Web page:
WO2008054964A1 - Method and apparatus to facilitate use of intermodulation product results to control gain for a received wireless signal - Google Patents

Method and apparatus to facilitate use of intermodulation product results to control gain for a received wireless signal Download PDF

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Publication number
WO2008054964A1
WO2008054964A1 PCT/US2007/080782 US2007080782W WO2008054964A1 WO 2008054964 A1 WO2008054964 A1 WO 2008054964A1 US 2007080782 W US2007080782 W US 2007080782W WO 2008054964 A1 WO2008054964 A1 WO 2008054964A1
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Prior art keywords
wireless signal
self
intermodulation products
desired
sourced intermodulation
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PCT/US2007/080782
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French (fr)
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WO2008054964B1 (en )
Inventor
Gregory J. Buchwald
Lawrence M. Ecklund
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Motorola, Inc.
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Classifications

    • HELECTRICITY
    • H04ELECTRIC COMMUNICATION TECHNIQUE
    • H04BTRANSMISSION
    • H04B1/00Details of transmission systems, not covered by a single one of groups H04B3/00 - H04B13/00; Details of transmission systems not characterised by the medium used for transmission
    • H04B1/06Receivers
    • H04B1/10Means associated with receiver for limiting or suppressing noise or interference induced by transmission
    • H04B1/109Means associated with receiver for limiting or suppressing noise or interference induced by transmission by improving strong signal performance of the receiver when strong unwanted signals are present at the receiver input
    • HELECTRICITY
    • H03BASIC ELECTRONIC CIRCUITRY
    • H03GCONTROL OF AMPLIFICATION
    • H03G3/00Gain control in amplifiers or frequency changers without distortion of the input signal
    • H03G3/20Automatic control
    • H03G3/30Automatic control in amplifiers having semiconductor devices
    • H03G3/3052Automatic control in amplifiers having semiconductor devices in bandpass amplifiers (H.F. or I.F.) or in frequency-changers used in a (super)heterodyne receiver
    • H03G3/3068Circuits generating control signals for both R.F. and I.F. stages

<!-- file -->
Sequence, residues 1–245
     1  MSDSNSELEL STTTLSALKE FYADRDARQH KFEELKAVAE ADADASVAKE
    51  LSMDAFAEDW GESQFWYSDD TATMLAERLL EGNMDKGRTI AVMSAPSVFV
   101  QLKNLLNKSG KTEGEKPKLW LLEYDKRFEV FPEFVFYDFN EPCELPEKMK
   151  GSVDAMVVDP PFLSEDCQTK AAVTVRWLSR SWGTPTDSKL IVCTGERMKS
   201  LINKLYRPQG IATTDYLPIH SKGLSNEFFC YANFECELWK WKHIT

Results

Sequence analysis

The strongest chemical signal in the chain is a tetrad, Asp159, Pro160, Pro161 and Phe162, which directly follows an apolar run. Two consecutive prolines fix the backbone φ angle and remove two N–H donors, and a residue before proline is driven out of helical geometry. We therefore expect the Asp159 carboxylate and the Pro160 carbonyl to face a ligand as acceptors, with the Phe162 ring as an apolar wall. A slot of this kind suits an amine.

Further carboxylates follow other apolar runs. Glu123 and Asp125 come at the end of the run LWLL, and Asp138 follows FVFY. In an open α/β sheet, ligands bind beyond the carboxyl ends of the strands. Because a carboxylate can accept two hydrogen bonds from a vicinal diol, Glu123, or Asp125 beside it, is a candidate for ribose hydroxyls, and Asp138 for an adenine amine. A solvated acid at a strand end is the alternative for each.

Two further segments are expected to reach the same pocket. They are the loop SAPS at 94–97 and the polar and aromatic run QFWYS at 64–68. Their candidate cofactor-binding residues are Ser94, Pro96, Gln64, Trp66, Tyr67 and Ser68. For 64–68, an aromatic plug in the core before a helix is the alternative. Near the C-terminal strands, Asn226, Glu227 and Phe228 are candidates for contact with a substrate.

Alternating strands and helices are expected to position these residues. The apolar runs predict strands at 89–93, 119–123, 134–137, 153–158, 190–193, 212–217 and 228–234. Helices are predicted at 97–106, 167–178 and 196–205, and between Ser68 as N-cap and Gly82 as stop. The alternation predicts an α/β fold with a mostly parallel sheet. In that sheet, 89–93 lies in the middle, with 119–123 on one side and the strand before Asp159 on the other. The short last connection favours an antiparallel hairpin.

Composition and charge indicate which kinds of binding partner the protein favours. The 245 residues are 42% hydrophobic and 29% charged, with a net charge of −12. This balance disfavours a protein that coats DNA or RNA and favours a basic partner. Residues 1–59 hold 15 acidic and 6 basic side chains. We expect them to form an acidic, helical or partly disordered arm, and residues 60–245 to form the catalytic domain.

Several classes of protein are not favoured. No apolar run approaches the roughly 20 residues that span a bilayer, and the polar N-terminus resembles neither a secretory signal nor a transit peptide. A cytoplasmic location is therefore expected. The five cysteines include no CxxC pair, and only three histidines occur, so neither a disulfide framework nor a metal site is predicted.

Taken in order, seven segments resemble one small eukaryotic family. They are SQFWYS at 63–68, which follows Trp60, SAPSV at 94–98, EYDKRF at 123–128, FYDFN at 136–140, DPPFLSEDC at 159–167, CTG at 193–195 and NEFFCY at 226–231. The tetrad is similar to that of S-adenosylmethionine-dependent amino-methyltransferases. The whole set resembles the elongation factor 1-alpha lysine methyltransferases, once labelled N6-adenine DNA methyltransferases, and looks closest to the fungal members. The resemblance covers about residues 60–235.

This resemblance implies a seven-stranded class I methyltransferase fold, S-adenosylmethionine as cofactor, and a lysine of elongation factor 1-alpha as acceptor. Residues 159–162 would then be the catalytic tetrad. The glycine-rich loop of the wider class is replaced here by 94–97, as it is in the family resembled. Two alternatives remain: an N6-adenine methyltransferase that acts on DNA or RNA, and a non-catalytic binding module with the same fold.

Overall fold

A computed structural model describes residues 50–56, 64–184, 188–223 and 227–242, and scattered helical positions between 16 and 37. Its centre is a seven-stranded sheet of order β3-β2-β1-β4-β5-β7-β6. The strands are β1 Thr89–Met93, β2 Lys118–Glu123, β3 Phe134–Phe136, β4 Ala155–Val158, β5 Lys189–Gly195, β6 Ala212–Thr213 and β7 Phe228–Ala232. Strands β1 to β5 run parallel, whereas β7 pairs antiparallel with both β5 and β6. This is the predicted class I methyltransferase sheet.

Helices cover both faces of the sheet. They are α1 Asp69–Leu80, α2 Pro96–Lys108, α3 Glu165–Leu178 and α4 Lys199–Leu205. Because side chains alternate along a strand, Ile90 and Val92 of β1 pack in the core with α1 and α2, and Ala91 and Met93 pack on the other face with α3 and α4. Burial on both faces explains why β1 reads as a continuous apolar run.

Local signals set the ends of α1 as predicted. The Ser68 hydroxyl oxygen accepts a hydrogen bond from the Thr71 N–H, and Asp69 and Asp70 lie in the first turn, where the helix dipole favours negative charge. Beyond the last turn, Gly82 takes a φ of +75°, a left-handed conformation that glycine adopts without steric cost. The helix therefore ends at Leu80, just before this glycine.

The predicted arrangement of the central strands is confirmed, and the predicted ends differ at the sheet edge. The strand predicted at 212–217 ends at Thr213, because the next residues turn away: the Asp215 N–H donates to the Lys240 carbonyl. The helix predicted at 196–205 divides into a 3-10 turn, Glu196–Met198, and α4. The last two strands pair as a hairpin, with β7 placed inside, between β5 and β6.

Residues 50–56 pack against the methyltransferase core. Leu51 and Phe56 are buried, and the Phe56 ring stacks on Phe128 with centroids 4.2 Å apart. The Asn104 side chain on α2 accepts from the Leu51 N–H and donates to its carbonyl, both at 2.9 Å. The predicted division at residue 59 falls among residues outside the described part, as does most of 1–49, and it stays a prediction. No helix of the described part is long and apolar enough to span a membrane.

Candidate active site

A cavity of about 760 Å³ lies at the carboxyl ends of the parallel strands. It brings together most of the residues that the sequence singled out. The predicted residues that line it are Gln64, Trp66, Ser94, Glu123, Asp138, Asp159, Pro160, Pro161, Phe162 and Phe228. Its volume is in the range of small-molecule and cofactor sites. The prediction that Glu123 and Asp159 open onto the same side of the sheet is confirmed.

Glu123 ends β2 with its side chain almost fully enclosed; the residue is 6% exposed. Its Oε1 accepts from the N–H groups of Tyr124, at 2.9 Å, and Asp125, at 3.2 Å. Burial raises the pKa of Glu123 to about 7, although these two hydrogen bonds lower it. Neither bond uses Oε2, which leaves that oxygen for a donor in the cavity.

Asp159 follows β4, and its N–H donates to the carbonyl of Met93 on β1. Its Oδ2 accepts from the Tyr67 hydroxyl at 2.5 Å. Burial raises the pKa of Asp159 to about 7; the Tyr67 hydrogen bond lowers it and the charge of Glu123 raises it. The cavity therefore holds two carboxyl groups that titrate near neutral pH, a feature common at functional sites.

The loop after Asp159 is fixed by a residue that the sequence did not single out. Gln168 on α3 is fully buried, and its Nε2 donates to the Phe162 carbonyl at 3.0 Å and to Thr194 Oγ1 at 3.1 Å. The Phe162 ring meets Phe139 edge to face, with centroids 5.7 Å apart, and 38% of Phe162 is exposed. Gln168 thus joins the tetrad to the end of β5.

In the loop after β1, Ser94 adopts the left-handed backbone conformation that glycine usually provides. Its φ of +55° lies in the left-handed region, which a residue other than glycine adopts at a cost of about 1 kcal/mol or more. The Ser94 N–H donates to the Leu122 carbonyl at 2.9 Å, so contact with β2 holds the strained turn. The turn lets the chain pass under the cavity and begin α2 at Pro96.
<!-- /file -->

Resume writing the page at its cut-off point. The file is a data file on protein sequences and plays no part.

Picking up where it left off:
Abstract

A wireless receiver receives (101) a desired wireless signal and then detects (102) self-sourced intermodulation products other than with respect to the desired wireless signal to provide corresponding detected results. The wireless receiver then uses (103) these detected results to control gain as corresponds to the desired wireless signal.

Description

METHOD AND APPARATUS TO FACILITATE USE OF INTERMODULATION PRODUCT RESULTS TO CONTROL GAIN FOR A RECEIVED WIRELESS

SIGNAL

TECHNICAL FIELD

This invention relates generally to controlling gain as corresponds to reception of a desired wireless signal.

BACKGROUND Wireless receivers of various kinds are known in the art. In many cases such a receiver will have one or more automatic gain control (AGC) functions associated with one or more amplifiers in the receiver, to facilitate controlling an amount of gain as is applied with respect to a desired received wireless signal. Such may be the case, for example, in a wideband receiver to thereby attempt to optimize the performance of the receiver in the presence of strong interfering signals.

By one prior approach, a separate wideband AGC circuit could be employed to protect the LNA (Low Noise Amplifier) and mixer from radio frequency signal overload even when also employing wideband radio frequency filtering. More recently, teachings exist that it may be preferable to cease using AGC capabilities when a very strong undesired signal appears contemporaneously with a weak desired signal. Although this permits the LNA and/or mixer to potentially overload, this approach also tends to assure some minimal level of performance. In such a case, poor quality of service (due to overloading of the LNA and/or mixer) seems preferable to no quality of service (due to inappropriate ranging of the AGC in response to the presence of the strong undesired signal).

Such a compromise, while potentially suitable for some application settings, nevertheless leaves much to be desired. While poor service may serve better than no service, there can be application settings where "poor" is also insufficient. BRIEF DESCRIPTION OF THE DRAWINGS

The above needs are at least partially met through provision of the method and apparatus to facilitate use of intermodulation product results to control gain for a received wireless signal described in the following detailed description, particularly when studied in conjunction with the drawings, wherein:

FIG. 1 comprises a flow diagram as configured in accordance with various embodiments of the invention;

FIG. 2 comprises a block diagram as configured in accordance with various embodiments of the invention; and FIG. 3 comprises a block diagram as configured in accordance with various embodiments of the invention.